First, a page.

via Class Wars of 2012 – NYTimes.com.
Bill O’Reilly has been caught telling a blatant and total lie during the Wed. Nov. 28 episode of The O’Reilly Factor by claiming that the governor of Rhode Island, Lincoln Chafee, said he did not want to light a Christmas tree at the state capitol. The truth is Chafee never said a word about wanting to light the tree or not. The entire segment was predicated around a lie, which O’Reilly milked for all of its dubious worth.
via Fox News host Bill O'Reilly caught blatantly lying on the air – Detroit liberal | Examiner.com.
I know that it’s unattractive and bad form to say “I told you so” when one’s advice was ignored yet ultimately proved correct. But in the wake of the Republican election debacle, it’s essential that conservatives undertake a clear-eyed assessment of who on their side was right and who was wrong. Those who were wrong should be purged and ignored; those who were right, especially those who inflicted maximum discomfort on movement conservatives in being right, ought to get credit for it and become regular reading for them once again.
I’m not going to beat around the bush and pretend I don’t have a vested interest here. Frankly, I think I’m at ground zero in the saga of Republicans closing their eyes to any facts or evidence that conflict with their dogma. Rather than listen to me, they threw me under a bus. To this day, I don’t think they understand that my motives were to help them avoid the permanent decline that now seems inevitable.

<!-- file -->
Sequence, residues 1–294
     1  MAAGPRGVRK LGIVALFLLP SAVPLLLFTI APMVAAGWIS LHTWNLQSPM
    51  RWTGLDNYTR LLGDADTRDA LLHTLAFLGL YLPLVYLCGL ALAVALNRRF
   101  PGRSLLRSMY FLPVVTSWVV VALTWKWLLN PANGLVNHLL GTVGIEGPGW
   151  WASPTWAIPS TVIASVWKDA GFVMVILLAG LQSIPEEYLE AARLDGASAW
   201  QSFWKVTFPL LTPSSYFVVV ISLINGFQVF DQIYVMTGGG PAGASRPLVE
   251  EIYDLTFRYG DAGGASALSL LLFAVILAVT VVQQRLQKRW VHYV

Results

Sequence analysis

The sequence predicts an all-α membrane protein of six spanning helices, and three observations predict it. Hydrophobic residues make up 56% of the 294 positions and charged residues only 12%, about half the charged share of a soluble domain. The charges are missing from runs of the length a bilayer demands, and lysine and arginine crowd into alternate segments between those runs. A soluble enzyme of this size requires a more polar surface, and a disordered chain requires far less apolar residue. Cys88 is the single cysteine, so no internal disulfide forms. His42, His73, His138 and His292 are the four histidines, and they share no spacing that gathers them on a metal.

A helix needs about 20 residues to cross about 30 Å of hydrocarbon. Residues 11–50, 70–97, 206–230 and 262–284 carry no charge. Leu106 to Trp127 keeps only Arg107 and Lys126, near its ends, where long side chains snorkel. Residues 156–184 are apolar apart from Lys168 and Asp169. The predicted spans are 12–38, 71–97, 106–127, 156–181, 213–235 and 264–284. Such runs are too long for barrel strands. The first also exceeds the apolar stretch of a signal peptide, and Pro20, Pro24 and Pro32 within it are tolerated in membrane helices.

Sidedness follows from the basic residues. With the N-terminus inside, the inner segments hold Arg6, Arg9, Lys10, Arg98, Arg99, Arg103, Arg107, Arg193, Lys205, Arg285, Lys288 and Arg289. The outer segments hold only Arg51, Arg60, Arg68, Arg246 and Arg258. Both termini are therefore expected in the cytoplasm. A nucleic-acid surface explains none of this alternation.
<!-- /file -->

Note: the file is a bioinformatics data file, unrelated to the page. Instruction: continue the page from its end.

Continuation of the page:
For more than 30 years, I was very comfortable within the conservative wing of the Republican Party. I still recall supporting Richard Nixon and Barry Goldwater as a schoolchild. As a student, I was a member of Young Republicans and Young Americans for Freedom at the height of the Vietnam War, when conservatives on college campuses mostly kept their heads down.
via Revenge of the Reality-Based Community | The American Conservative.
But with only weeks to go before it concludes, the 112th Congress (2011-2012) is on track to make another type of history.
By passing just 196 bills into law so far, it is in the running to become the least productive Congress since the 1940s.
In fact, that amount is 710 fewer public laws than was produced by the 80th Congress (from 1947-48), which first earned the moniker “Do-Nothing” Congress.
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The lack of legislation passed by Congress in recent years has become frustrating to many lawmakers. Outgoing Sen. Olympia Snowe (R-Maine) decided not to run for re-election because of the congressional gridlock, partisan politics, and lack of work being done on Capitol Hill.
via Congress to make history — but for the wrong reason – First Read.